The most common cause of acute asthma exacerbation in both adults and children, but more in children, is viral respiratory tract infections. Viruses may be responsible for up to 80% of wheezing episodes in children and 50-75% of episodes in adults (Jackson et al, 2011b). Many viruses can cause exacerbation of asthma symptoms, the most important and most common is rhinovirus (Khetsuriani et al, 2007). Respiratory syncycial virus and influenza virus also cause significant proportion of exacerbations. The pathology of virally induced asthma exacerbation is more related to the airway epithelial cells which, in response to infection secret chemokines like IL-8 and CCL-5 that can attract inflammatory cells including neutrophils and lymphocytes and augment allergic inflammation (Gern & Busse, 2002). This finding is supported by epidemiological observations that allergen sensitization and respiratory viral infections can synergize to cause asthma exacerbation (Green et al, 2002). Children who are atopic are more likely to have virally induced wheezing and respiratory distress than non-atopic children (Jackson et al, 2011a).

1.2. Treatment of acute asthma exacerbation: general overview

Acute asthma exacerbations are defined as “episodes of progressive increase in shortness of breath, cough, wheezing, or chest tightness, or some combination of these symptoms” (EPR3, 2007; GINA, 2011). Most recently an expert group formed by the NIH agreed to define acute asthma as “a worsening of asthma requiring the use of systemic corticosteroids to prevent a serious outcome” (Fuhlbrigge et al, 2012). Acute exacerbation of asthma symptoms is a common complication of the disease. The frequency in which exacerbations happen vary widely depending on the severity of disease (Moore et al, 2007), the degree of control with prophylactic medications (Peters et al, 2007), and exposure to triggers. In a multicenter study from the US (Pollack et al, 2002) the admission rate of all comers to the ER with acute asthma was 23%. On the other hand, a European study showed that only about 7% of all patients with acute asthma exacerbation required hospitalization (Rabe et al, 2000). We have a similar experience in Saudi Arabia where about 8% of all asthmatics with acute exacerbation are hospitalized, but if we look at only the severe group the rate goes up to 40% (unpublished data). These epidemiological data underscores the importance of effective treatment of asthma exacerbations and their prevention.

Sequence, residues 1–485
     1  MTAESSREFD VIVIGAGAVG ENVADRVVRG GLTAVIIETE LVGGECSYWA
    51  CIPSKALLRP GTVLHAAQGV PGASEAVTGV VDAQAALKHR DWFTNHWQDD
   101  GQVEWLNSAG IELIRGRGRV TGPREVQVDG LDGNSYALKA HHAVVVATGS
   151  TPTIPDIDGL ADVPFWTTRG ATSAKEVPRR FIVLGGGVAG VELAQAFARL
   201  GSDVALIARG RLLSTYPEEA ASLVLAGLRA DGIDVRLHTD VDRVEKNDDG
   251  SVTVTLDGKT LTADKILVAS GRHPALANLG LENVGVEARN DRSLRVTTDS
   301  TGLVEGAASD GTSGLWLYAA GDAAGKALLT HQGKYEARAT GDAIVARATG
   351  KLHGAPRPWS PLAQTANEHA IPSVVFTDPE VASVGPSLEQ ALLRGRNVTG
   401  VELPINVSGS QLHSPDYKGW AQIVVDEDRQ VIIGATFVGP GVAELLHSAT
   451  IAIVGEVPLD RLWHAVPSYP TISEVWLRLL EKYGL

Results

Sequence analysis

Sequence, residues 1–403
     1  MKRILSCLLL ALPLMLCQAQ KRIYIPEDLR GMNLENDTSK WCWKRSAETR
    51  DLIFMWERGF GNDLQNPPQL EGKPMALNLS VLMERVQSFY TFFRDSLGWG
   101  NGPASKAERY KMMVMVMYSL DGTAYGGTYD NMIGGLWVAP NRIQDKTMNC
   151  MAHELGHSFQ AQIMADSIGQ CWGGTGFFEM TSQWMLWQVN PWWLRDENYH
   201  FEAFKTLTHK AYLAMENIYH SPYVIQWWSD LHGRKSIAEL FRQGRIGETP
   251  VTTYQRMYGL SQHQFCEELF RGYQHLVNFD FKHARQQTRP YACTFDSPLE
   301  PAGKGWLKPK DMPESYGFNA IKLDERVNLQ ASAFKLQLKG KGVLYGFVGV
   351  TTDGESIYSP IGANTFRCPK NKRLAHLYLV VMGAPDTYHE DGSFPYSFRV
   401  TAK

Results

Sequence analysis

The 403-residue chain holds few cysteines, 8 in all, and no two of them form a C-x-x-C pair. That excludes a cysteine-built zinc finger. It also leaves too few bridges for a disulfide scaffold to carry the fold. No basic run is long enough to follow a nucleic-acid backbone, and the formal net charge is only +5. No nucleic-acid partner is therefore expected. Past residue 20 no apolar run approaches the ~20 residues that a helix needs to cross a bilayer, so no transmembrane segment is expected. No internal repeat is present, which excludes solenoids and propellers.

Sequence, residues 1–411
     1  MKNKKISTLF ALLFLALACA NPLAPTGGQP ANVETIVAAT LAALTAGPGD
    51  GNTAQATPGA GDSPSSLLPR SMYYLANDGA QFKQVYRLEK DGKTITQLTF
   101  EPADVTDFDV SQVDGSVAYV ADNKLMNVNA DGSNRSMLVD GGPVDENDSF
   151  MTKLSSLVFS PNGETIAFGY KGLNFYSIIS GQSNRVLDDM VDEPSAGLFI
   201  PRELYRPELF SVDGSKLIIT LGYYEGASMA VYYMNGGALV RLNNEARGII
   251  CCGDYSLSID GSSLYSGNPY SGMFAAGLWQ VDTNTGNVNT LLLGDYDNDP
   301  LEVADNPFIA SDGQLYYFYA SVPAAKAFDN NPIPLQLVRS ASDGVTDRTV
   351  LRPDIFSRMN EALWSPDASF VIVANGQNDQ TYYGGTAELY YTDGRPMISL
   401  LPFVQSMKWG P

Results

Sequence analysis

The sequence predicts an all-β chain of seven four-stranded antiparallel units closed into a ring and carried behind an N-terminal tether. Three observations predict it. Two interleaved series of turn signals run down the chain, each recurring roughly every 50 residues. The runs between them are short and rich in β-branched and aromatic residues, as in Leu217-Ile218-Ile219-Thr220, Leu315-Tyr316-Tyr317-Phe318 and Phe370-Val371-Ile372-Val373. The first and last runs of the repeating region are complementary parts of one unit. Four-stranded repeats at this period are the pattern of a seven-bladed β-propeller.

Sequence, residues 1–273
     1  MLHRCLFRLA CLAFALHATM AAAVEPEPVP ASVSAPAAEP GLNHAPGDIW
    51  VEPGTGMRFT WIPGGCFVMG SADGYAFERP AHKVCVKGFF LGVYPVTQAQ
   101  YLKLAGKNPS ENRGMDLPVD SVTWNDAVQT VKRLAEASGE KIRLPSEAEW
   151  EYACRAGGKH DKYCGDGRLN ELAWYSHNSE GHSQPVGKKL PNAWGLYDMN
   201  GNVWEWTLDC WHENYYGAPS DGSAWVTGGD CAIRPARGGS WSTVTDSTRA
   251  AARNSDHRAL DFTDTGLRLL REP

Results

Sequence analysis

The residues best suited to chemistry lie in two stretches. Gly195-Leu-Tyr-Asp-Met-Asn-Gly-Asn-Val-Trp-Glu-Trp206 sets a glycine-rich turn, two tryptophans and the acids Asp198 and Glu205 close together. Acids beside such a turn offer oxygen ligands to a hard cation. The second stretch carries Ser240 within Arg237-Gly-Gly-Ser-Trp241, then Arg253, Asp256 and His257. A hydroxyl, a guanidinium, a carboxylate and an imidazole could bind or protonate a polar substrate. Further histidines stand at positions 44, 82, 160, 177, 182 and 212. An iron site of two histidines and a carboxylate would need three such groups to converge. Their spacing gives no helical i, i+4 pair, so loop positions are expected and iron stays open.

Patients with acute asthma exacerbation usually present with increasing cough, and dyspnea. On examination patients may have increased respiratory rate, retractions (accessory respiratory muscle use), wheezing, oxygen desaturation on pulse oxymetry and, in more severe cases, inability to speak, silent chest, with reduced respiratory lung volumes, cyanosis and change in mental status. Asthma exacerbations can be classified as mild, moderate, or severe based on the level of severity of the signs and symptoms as illustrated in Table 1. (Adams et al, 2011)

Different asthma scoring systems have been developed to assess the severity of asthma exacerbations more objectively, which is more useful for research purposes. An example is shown in table 2. (Qureshi et al, 1998). This scoring system is becoming more widely used because of its high reliability and objectivity.

PEFR*≥ 70%40-69%<40%
Mental StatusAnxiousAgitatedDistressed
Accessory muscle useNoSometimesCommonly
Oxygen saturation≥ 95%90-95%<90%

Table 1.

General classification of asthma severity. * PEFR: Peak Expiratory Flow Rate

Other frequently used scoring systems in the literature include; the Pulmonary Index Score (Scarfone et al, 1993) (table 3), and to a lesser degree the Preschool Respiratory Assessment Measure (PRAM) (Ducharme et al, 2008)(table 4), and the Pediatrics Asthma Severity Score (PASS) (Gorelick et al, 2004) (table 5).

VariableAsthma score
1 point2 points3 points
Respiratory rate (breaths/min)
2-3 years≤ 3435 - 39≥ 40
4-5 years≤ 3031 - 35≥ 36
6-12 years≤ 2627 - 30≥ 31
"/>12 years≤ 2324 - 27≥ 28
Oxygen saturation (%)"/> 95 with room air90 - 95 with room air<90 with room air or supplemental oxygen
AuscultationNormal breathing or end-expiratory wheezingExpiratory wheezingInspiratory and expiratory wheezing, diminished breath sounds, or both
RetractionsNone or intercostalIntercostal and substernalIntercostal, substernal, and supraclavicular